Mahabharata Bhishma Parva Chapter 57:2

Mahabharata Bhishma Parva (Bhagavat-Gita Parva) Chapter 57:2

And both the armies the foot-soldier felled the car-warrior in the combat, and the car-warrior felled the foot-soldiers, with sharp weapons. And elephant-riders felled horse-riders, and horse-riders felled warriors on the backs of elephants. And all this appeared exceedingly wonderful. And here and there foot-soldiers, were felled by foremost of elephant-riders, and elephant-riders were seen to be felled by the former. And bands of foot-soldiers, by hundreds and thousands, were seen to be felled by horse-riders and horse-riders by foot-soldiers. And strewn with broken standards and bows and lances and housings of elephants, and costly blankets and bearded darts, and maces, and clubs furnished with spikes, and Kampanas, and darts, and variegated coats of mail and Kunapas, and iron hooks, and polished scimitars, and shafts furnished with golden wings, the field, O best of Bharata's race, shone as if with floral wreaths. And the earth, miry with flesh and blood, became impassable with the bodies of men and steeds and elephants slain in that dreadful battle. And drenched with human blood, the earthy dust disappeared. And the cardinal points, all around, became perfectly clear, O Bharata. And innumerable headless trunks rose up all around indicating, O Bharata, of the destruction of the world. And in that terrible and awful battle, car-warriors were seen to run away in all directions.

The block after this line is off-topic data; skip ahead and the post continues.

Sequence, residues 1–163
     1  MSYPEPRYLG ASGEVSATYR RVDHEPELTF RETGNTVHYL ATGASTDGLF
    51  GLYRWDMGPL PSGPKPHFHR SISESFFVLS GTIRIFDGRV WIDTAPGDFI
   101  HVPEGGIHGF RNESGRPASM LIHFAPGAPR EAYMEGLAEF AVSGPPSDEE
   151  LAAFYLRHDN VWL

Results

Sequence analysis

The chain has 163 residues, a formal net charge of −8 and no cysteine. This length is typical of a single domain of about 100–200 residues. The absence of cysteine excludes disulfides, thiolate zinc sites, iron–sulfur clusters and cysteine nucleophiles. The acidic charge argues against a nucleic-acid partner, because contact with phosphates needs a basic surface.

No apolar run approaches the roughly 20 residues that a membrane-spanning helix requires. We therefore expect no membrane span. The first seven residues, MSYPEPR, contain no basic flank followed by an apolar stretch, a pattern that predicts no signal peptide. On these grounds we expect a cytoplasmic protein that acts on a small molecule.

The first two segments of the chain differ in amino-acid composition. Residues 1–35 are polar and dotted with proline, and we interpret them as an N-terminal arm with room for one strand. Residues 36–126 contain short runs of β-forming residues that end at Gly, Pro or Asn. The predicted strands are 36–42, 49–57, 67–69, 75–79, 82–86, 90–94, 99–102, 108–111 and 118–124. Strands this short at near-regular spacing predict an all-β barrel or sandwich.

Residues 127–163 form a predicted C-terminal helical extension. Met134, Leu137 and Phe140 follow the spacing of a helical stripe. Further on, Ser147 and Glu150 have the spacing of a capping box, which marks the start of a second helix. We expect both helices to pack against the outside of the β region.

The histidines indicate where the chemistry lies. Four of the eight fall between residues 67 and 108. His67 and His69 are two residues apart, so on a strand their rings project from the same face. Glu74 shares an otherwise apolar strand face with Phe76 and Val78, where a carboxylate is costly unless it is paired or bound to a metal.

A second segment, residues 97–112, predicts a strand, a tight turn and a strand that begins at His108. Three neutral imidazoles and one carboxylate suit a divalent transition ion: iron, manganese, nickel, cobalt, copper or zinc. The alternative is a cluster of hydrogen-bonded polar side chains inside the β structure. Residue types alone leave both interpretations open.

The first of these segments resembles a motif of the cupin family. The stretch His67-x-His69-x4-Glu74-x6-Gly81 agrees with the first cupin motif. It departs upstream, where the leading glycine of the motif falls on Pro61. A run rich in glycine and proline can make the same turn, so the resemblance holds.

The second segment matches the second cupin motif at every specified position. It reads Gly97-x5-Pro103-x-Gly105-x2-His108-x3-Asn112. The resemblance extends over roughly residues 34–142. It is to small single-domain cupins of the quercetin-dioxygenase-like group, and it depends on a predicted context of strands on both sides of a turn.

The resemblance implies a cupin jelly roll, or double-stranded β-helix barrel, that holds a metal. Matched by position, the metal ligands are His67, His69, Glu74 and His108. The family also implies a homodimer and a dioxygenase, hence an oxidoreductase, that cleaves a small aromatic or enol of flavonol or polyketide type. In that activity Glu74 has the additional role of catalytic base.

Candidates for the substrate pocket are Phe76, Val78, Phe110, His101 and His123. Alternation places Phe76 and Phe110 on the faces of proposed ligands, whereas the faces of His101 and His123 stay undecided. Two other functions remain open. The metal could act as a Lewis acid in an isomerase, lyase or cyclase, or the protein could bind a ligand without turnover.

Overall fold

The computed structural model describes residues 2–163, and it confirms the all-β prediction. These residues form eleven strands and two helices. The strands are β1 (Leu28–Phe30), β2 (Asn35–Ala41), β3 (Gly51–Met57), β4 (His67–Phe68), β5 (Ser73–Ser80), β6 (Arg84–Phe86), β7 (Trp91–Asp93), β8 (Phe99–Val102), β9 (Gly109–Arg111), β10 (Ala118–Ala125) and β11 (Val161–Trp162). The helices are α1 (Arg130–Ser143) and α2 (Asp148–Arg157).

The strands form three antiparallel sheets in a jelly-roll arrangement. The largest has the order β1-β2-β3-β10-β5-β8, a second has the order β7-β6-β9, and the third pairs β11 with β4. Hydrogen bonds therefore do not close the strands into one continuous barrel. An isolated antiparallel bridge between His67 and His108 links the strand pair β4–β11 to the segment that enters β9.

Then Bhishma and Drona, and Jayadratha, the ruler of the Sindhus and Purumitra, and Vikarna, and Sakuni the son of Suvala—these warriors invincible in battle and possessed of leonine prowess—staying in battle broke the ranks of the Pandavas. And so Bhimasena and the Rakshasa Ghatotkacha, and Satyaki, and Chekitana, and the sons of Draupadi, O Bharata, supported by all the kings (on their side), began to grind thy troops and thy sons stationed in battle, like the gods grinding the Danavas. And those bulls among Kshatriyas, striking one another in battle, became terrible to behold and covered with blood shone like Kinsukas. And the foremost warriors of both armies, vanquishing their opponents, looked, O king, like the planetary luminaries in the firmament. Then thy son Duryodhana, supported by a thousand cars, rushed to battle with the Pandavas and the Rakshasa. And so all the Pandavas, with a large body of combatants rushed in battle against those chastisers of foes, the heroic Bhishma and Drona. And the diadem-decked (Arjuna) also, excited with rage rushed against the foremost of kings. And Arjuna's son (Abhimanyu), and Satyaki, both advanced against the forces of Suvala's son. And then commenced once more a fearful battle, making the hair to stand on end, between thine and the enemy's troops both desirous of vanquishing each other.